Teen Witch: Features witchcraft, Lauper-esque 80's clothing with hot pink tu-tus and all, nerds, a locker-room cheerleading dance sequence set to the tune "I Like Boys", and a trio of posturing white rappers singing "I'm hot, and you're not, but if you wanna hang with me, then I'll give it a shot."

Only available on VHS, and very hard to find, but so worth it. I have seen no other movie than manages to encompass so much stereotypical 80's cheese in one film.

Also, it has the scary midget lady from Poltergeist.

Shaolin Soccer: See this movie RIGHT NOW. I had had this film recommended to me before, but I saw a trailer for it before the home video version of Spy Kids 2, which made it out to be a Nickelodeon-esque comedy. Which is apparently what it is going to be when it is released stateside in August. The American release will have nearly a half an hour of the footage removed in order to make it more palettable to American Audiences and essentially kiddie-fy it for a younger market. The original version which I saw is so fucking awesome I cannot rightly put into words, and features plenty of swearing, sexual innuendo, and savage beatings.

Typically, I find Hong Kong comedy, especially the Stephen Chow films I have seen, is not easily "gotten" by western audiences, myself included. Many of them seem have pretty jarring changes in theme, from comedic to serious, to mock-serious, that's it's easy to lose where the joke lies. I ten dto enjoy them because they are so bizarre, not necessarily because they are laugh-out-loud funny. It's not every film where a a shit-eating joke is bordered by serious dramatic or violent scenes, but it's run of the mill in many Chow films. This tends to be pretty disorienting, and although there is a lot of that in Shaolin Soccer, the comedy is just so incredibly over-the-top ridiculous that it's liable to reduce you to tears.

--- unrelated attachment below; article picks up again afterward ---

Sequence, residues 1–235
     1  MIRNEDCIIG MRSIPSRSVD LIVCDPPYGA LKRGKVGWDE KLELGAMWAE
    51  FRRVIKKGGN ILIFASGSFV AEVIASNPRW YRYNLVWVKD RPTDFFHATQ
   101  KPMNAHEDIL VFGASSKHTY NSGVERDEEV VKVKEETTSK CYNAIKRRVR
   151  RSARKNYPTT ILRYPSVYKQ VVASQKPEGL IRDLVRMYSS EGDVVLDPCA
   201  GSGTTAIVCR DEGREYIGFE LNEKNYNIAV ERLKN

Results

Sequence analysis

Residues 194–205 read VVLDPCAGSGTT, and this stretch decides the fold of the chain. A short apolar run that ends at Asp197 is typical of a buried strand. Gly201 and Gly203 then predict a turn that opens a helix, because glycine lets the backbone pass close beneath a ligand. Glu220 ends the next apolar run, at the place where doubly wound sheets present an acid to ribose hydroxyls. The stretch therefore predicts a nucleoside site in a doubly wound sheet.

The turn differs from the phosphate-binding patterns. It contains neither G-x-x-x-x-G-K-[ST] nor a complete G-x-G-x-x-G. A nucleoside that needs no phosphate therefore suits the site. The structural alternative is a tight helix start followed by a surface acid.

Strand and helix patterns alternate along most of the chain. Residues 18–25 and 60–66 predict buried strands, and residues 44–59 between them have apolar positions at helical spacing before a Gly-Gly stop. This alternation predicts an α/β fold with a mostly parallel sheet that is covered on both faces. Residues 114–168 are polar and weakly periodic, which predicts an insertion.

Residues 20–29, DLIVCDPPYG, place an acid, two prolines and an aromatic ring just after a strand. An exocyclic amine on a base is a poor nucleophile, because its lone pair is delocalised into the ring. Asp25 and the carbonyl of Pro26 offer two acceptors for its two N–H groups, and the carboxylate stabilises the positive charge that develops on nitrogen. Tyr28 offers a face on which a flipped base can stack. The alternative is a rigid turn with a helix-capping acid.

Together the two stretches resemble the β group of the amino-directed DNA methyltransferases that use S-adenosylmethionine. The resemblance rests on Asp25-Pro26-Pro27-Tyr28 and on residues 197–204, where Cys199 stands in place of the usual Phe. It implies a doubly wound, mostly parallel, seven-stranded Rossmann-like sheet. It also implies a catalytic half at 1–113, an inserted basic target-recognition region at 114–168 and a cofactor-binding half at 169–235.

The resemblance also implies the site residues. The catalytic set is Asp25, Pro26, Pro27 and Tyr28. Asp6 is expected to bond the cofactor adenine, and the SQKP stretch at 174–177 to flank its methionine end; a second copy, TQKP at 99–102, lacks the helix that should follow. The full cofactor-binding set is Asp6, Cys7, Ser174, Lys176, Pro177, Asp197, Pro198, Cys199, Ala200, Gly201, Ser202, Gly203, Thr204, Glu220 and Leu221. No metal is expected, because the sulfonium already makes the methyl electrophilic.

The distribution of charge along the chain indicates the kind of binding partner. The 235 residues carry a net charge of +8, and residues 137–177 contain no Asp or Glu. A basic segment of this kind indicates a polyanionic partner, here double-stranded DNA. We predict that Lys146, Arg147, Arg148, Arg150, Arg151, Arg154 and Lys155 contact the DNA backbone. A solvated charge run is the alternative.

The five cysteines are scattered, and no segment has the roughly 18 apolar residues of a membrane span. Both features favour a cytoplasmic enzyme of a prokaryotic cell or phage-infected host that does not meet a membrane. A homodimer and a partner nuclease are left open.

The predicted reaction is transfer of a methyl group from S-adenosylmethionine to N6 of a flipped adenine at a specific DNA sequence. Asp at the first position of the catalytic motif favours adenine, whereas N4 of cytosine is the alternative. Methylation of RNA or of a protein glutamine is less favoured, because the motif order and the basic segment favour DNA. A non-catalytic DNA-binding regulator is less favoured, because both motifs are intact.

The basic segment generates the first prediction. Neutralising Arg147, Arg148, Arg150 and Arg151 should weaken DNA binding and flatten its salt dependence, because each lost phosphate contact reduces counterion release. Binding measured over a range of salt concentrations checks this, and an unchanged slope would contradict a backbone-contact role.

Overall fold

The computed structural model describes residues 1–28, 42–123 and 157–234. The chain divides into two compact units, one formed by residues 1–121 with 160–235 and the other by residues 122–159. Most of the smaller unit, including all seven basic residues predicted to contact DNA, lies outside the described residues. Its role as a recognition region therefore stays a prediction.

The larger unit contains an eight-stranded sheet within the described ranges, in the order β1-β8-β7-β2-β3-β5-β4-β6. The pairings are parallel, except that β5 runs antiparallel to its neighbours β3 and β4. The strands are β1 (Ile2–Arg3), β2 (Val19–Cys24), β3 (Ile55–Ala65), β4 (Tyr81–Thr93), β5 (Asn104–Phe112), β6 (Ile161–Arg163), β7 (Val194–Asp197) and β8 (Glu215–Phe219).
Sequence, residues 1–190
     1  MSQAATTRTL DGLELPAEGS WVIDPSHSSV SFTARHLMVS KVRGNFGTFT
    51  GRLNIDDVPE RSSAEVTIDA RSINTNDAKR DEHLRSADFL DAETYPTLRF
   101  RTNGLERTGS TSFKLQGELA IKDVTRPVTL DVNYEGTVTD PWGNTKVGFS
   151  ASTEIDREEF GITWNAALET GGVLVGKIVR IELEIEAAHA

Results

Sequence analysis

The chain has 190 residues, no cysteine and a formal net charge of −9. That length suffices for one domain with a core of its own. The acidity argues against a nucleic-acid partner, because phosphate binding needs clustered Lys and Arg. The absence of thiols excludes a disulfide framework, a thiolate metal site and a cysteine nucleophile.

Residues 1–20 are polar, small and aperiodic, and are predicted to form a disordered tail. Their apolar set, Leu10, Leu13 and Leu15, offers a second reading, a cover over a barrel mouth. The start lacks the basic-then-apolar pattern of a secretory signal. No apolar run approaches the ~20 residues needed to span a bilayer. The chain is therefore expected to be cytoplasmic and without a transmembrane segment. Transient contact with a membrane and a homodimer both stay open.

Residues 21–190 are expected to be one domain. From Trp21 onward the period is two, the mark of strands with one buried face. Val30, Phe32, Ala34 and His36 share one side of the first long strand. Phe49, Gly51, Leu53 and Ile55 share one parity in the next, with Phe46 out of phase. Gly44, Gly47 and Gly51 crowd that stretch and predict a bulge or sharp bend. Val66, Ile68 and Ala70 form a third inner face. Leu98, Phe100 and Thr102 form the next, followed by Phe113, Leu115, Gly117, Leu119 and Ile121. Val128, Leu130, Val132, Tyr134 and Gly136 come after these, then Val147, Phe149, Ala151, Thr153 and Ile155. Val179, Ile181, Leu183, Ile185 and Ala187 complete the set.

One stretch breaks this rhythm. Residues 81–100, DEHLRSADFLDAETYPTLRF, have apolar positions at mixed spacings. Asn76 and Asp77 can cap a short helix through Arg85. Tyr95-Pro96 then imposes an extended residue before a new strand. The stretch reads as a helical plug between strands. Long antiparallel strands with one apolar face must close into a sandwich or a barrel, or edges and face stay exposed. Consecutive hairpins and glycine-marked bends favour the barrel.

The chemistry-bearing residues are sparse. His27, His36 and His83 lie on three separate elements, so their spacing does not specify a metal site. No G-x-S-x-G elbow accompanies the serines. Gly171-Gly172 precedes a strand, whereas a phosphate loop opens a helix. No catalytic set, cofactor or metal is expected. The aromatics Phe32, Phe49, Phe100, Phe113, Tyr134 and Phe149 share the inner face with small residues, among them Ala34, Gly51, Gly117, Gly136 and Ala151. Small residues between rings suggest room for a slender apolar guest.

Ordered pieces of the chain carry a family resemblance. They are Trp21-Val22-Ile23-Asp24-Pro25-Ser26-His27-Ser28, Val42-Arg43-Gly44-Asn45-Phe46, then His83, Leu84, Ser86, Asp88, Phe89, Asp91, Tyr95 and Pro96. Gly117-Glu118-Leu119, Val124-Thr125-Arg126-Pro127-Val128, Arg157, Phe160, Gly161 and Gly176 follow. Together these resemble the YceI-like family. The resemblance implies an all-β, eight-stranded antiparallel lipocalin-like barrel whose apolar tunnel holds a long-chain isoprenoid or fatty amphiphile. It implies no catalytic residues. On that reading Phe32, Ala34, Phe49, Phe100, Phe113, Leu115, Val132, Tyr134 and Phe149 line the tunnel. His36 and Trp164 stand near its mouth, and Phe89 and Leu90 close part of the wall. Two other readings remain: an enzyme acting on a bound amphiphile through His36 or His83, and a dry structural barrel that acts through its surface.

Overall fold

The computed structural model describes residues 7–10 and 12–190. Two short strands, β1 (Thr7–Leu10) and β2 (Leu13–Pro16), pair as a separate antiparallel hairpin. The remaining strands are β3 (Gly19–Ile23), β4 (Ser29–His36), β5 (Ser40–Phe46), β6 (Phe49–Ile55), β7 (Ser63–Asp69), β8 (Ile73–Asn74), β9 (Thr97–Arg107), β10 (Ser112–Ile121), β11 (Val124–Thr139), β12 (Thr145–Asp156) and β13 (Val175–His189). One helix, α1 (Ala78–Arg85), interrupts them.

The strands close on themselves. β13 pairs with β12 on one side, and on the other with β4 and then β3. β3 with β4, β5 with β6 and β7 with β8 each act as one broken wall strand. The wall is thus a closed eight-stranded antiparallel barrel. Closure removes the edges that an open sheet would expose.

The film is awash in Matrixy computer-generated shots and bullet-time wire-fu camera trickery, much like many aciton films today. All of these effects seem significantly hokier than is typically seen in action films. This is not an action film, however, it is an action comedy, and comedically, it works great. Every kick is more preposterously powerful than the last, the soccer ball churning up huge tornadoes of flying turf, morphing into a flaming tiger comet, and knocking players sideways like so many ten-pins. Every tme anything happened I would have to struggle for something more expressive of my utter awe then "Holy shit!", which I still said about a dozen times. Now this kind of comedy is very accessible to anyone who's been over-exposed to this kind of stuff in every damn action film that's been released since 1999. Genuine action films will have a very difficult time impressing me after this.

See it. Go out and buy the original version now before everyone you know tells you that you have to run out and see this weird new martial arts film about soccer. You must trust me on this. That is all.